Much like Bahrain, the majority just got on with life, kept their heads down, and kept out of the eye of the authorities. That is the way of the oppressed.
History tells us that the primary desire of the vocal minority was for a form of self governance which would be subordinate to that of the ruling parliament, but would have real powers to affect change for the betterment of the majority.
The ruling parliament made promise after promise to this group and even brought forward a bill to introduce self governance, however, the introduction of this bill was postponed time and again and eventually a minority within the minority determined that the only way to effect change was through violence and a complete separation from the ruling parliament.
On the 24th April 1916 a very small group of people occupied a number of strategic buildings within the Capital and declared the Island to be a Republic, they held out for one week against the superior forces of the army and 15 ringleaders were executed by the Government.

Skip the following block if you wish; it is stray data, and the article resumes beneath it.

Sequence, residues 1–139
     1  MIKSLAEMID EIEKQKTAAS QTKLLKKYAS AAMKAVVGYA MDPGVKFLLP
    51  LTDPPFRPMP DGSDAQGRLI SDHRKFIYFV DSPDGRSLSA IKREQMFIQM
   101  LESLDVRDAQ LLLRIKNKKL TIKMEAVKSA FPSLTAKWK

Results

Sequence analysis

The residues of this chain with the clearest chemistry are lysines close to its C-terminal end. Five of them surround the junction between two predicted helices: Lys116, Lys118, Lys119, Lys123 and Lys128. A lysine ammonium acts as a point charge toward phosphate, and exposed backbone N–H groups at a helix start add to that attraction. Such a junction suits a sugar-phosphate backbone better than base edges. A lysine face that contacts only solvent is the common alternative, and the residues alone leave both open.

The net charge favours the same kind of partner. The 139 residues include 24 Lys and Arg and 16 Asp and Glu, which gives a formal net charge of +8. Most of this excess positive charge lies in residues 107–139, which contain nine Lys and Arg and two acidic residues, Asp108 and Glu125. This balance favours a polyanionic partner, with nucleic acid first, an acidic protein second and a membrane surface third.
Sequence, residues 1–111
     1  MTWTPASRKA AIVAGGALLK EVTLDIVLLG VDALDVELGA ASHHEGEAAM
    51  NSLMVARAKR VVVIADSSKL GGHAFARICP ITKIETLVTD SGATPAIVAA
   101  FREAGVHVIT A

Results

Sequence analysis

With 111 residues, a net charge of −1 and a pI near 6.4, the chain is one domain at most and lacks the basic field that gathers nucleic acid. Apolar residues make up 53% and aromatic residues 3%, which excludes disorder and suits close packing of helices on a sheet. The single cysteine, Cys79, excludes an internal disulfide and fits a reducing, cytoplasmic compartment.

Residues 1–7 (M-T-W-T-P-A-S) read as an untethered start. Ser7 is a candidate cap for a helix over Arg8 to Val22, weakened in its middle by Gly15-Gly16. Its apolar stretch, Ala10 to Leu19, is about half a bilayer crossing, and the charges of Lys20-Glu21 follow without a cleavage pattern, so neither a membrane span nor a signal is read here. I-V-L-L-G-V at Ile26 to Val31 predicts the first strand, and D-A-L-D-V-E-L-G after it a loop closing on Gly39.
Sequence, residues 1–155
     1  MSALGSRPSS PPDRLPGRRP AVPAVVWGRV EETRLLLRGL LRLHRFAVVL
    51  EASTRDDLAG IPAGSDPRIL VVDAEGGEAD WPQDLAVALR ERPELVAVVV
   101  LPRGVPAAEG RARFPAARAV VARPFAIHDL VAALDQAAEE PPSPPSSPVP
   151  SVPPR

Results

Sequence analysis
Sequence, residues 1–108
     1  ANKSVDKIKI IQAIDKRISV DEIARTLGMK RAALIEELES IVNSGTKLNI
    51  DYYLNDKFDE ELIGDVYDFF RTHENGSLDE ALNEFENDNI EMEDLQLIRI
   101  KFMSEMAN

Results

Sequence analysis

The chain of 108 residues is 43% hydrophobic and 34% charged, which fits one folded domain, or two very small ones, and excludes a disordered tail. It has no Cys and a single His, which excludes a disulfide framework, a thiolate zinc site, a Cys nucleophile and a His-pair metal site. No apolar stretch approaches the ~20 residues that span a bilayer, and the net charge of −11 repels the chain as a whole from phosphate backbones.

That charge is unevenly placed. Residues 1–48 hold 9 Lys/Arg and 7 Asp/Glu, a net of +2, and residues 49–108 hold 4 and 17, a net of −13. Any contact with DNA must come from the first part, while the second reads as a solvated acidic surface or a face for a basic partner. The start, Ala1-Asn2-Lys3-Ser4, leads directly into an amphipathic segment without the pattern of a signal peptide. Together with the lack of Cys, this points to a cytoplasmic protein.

The public attitude towards the rising was one of hostility and confusion however after the executions that attitude altered completely. Suddenly it was the case that those who had advocated a form of political self governance subordinate to the ruling parliament were no longer returned in elections. A new political party arose within the country which sought the complete overthrow of that parliament and independence, and those who had previously kept their heads down and accepted their lot threw in with this political and militant group.
Eventually, the island gained independence (apart from 6 counties), however this might never have been the case if the ruling parliament had sought to address the disaffected in the first instance and it is likely that if matters had been properly addressed the population would still be part of the overall ruling parliament, with a degree of self-governance, would be politically content, and would have been politically stable for the past 96 years.